But, of course, it would be foolish of them to keep trying if they didn’t learn from previous mistakes. In the recent years we’ve seen new brands offering completely new models and variants that have seen success in a competitive market like China. Volkswagen’s all-out assault of new models is an indicator of this, offering German engineering at affordable price points. Then you have top-selling brands like GAC, JAC and BAIC launching new cars and pushing for new dealerships with fleshed out service centers. Just like how Korean brands took some time to gain a foothold in our country, it’ll take some time before China cars start becoming a norm on our roads. The amount of money and investors that are willing to enter our market is a good sign that our automotive market is as receptive as ever; the new players just have to do their best to offer quality and service, and remain flexible to offer products that fit our market and ride the trends. Win us over with aftersales, attractive prices, well-built vehicles, and sooner or later, Chinese cars will be considered instead of outrightly dismissed. It’s a stigma that’s hard to cure, but it is a slow and steady process.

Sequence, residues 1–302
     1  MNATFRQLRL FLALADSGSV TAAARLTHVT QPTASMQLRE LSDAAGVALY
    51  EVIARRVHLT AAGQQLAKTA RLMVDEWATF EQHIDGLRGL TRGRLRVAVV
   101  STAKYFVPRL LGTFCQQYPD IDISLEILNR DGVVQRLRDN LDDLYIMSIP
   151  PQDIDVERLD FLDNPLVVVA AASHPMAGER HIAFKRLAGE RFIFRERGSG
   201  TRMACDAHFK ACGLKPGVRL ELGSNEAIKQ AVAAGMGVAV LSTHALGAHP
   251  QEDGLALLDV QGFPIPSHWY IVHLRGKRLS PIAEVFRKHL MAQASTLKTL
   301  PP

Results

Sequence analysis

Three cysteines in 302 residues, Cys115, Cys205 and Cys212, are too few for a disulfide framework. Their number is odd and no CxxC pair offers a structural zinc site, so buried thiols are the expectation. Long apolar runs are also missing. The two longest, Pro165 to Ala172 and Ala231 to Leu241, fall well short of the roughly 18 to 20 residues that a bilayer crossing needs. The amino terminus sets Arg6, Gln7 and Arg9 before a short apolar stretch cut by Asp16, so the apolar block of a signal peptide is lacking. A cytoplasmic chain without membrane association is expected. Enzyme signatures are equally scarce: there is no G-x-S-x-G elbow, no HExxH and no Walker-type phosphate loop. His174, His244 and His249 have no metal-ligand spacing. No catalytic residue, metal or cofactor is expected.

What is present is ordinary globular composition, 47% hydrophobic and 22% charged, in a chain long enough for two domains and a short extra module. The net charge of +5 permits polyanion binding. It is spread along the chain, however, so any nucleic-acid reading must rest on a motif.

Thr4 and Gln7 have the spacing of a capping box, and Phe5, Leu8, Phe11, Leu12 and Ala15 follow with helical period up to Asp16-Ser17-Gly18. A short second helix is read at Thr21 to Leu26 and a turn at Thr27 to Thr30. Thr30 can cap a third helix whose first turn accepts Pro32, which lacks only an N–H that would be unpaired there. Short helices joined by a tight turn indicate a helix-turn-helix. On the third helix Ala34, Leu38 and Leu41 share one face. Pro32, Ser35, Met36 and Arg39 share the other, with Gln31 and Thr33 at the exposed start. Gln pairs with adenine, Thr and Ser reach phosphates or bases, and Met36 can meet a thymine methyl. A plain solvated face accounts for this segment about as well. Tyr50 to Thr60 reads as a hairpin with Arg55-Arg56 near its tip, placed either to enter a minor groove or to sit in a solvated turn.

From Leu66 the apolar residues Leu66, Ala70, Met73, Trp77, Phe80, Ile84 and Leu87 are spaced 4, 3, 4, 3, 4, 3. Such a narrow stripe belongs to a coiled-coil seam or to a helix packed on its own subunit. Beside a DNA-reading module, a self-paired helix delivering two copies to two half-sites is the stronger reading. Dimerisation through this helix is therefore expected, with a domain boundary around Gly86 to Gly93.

What was apt, however, is that I recently drove a JAC S2 over a few days, and I found myself pleasantly surprised. It was a decent driving experience, tackling NLEX, SCTEX, SLEX, and braving EDSA rush hour traffic. There were no major flaws or questionable materials from what I could see, but, of course, time will tell. I was never a critic of Chinese cars to begin with, but getting behind the wheel of one with an open mind can make a huge difference in changing perceptions. That was then, and this is now; we just need to find out which brand or brands will finally cleanse that palate.